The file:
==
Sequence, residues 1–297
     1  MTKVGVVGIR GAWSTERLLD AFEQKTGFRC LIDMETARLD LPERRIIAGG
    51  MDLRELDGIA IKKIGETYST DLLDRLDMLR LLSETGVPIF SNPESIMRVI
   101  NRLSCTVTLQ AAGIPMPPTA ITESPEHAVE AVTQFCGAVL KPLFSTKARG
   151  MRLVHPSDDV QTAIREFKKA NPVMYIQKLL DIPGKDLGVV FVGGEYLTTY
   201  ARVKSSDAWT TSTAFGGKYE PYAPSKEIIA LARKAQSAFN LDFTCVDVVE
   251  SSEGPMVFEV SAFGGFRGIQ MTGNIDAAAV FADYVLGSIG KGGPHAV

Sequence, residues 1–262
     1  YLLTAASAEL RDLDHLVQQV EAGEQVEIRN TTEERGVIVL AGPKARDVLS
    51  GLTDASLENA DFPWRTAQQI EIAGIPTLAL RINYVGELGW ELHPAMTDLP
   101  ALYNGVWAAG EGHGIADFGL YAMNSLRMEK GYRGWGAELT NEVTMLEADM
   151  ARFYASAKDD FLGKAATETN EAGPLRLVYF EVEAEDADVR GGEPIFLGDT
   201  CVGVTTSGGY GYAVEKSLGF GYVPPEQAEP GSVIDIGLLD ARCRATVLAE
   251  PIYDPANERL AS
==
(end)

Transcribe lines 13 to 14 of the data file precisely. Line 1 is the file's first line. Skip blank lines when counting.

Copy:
   201  CVGVTTSGGY GYAVEKSLGF GYVPPEQAEP GSVIDIGLLD ARCRATVLAE
   251  PIYDPANERL AS